I researched a few more video sharing sites once I discovered that there were several different "types of them" 1 User generated video sharing 2 Video Sharing Platform / White Label Providers 3 Open Source Video Sharing Platforms 4 Web based video editing 5 See also . Although YouTube was definitely the most widely used, I found the following quite useful; IFilm, GoFish and EngageMedia. I also came across an interesting article entitled "The Value of E-Learning with YouTube: Video Sharing for Education." The article reminds us of how mainstream YouTube has become and how easily accessible it is for everyone to upload or download videos. It also dives into an important issue that never really crossed my mind too much concerning video sharing sites, which is their advertising techniques and the effects of these on students. This likely caught my eye because about a year ago I came across a class (I was a Teacher-on-Call) that was doing an assignment on Reality versus Media. The students were to divide a paper in half and compare what media portrays and what was a reality concerning the same topic. Several students discovered through this that what the websites and tv comsider reality are actually just ways to sell things to people. Students discovered that what was really "cool" was being an individual and not following others. Although this seems slightly off-topic it made me realize just how much media messages on sites such as YouTube affect the students. I think it is important to cover the fact that this is all done to sell, sell, sell, and that just because you don't do it or have it doesn't mean you don't fit in.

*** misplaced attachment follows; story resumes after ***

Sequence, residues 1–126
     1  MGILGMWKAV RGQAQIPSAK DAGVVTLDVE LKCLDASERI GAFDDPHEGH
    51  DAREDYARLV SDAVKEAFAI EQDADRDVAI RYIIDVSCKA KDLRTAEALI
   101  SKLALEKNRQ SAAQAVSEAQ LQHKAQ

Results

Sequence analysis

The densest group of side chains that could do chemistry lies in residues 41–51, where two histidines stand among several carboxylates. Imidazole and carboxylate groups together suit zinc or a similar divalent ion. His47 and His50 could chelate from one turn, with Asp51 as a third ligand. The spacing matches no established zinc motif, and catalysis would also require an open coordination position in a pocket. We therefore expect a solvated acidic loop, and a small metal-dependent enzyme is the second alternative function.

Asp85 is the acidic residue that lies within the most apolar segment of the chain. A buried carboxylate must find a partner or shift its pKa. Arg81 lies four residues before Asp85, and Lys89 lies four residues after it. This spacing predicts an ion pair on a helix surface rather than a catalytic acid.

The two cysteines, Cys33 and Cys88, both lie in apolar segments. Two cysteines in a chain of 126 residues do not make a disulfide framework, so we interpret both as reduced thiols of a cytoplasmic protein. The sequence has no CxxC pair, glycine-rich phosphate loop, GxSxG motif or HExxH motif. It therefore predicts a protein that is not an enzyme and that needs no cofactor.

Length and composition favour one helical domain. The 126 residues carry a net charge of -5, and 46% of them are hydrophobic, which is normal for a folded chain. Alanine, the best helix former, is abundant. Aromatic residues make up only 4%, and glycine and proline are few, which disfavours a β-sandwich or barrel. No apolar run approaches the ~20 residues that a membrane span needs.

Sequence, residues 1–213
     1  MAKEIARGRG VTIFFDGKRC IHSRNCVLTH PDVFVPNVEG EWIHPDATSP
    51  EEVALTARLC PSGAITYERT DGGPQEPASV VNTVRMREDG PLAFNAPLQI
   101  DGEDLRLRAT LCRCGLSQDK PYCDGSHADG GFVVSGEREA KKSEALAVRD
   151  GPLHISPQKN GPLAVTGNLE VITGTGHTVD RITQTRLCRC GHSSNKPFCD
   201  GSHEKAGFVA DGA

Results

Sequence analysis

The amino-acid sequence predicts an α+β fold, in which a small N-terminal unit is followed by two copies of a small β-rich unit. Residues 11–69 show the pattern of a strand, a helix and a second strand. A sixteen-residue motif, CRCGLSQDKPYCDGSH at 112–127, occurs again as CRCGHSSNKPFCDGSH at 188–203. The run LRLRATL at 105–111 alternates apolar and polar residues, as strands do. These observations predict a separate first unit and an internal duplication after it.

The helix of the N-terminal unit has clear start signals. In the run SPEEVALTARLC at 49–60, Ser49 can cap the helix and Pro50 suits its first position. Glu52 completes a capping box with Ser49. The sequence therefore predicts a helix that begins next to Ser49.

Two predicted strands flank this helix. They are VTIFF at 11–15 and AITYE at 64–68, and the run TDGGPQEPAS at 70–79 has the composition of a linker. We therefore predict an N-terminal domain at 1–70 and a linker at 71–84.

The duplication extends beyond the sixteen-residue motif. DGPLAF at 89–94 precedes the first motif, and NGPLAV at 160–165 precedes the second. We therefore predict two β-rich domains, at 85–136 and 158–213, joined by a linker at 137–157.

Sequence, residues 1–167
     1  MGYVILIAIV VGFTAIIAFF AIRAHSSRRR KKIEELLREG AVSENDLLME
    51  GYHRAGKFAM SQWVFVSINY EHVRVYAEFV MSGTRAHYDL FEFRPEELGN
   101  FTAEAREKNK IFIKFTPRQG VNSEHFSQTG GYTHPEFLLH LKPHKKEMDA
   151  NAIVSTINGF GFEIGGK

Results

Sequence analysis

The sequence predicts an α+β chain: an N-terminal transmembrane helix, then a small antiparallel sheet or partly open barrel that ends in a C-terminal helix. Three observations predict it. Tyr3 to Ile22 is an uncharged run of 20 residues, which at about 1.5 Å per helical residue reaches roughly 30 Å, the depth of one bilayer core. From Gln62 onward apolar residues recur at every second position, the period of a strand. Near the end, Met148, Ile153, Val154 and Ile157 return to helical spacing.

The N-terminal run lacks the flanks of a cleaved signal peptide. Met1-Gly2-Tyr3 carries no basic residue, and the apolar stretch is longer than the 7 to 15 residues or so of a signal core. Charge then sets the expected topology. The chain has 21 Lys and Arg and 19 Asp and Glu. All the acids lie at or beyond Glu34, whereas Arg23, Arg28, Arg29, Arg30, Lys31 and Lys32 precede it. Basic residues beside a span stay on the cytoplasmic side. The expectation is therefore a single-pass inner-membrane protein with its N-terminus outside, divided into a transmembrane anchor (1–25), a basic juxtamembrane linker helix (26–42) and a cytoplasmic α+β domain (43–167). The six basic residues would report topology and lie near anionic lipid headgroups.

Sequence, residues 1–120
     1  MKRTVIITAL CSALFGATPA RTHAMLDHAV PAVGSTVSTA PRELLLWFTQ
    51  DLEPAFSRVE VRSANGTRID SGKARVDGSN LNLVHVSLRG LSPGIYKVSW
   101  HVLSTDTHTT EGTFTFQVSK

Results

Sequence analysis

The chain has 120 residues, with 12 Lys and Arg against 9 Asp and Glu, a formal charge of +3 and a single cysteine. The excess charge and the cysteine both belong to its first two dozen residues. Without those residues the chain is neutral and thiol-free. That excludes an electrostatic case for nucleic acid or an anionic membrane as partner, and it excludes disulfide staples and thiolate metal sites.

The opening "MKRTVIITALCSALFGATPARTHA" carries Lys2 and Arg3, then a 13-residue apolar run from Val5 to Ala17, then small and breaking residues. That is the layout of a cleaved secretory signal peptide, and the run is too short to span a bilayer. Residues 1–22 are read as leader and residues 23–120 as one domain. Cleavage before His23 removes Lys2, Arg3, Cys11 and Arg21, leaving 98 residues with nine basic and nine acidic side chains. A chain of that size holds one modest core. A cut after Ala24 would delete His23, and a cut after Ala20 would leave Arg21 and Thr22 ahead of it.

Anyways back to the rest of the article...The article also mentions that class projects and presentations can really be enhanced by using video sharing sites. For example, the article suggests showing an instructional video on the step-by-step instructions for doing something that is related to their topic. The article also discusses the collaboration that these sites allow between groups of people that use them. I noticed on most of the video sharing sites they have places for you to join groups of people that you likely have things in comon with
Video Sharing sites are definitely useful in schools as long as they are being used appropriately, like anything on the internet really. Educating students on the ways to use these sites for research purposes is helpful because we cannot assume that they already know this. In fact many students probably only know how to search for a few types of videos, like music videos for instance, from watching their classmates or friends. Educating them about the possibilities of using these websites, like learning how to do origami step-by-step for example, will help them use it appropriately for school.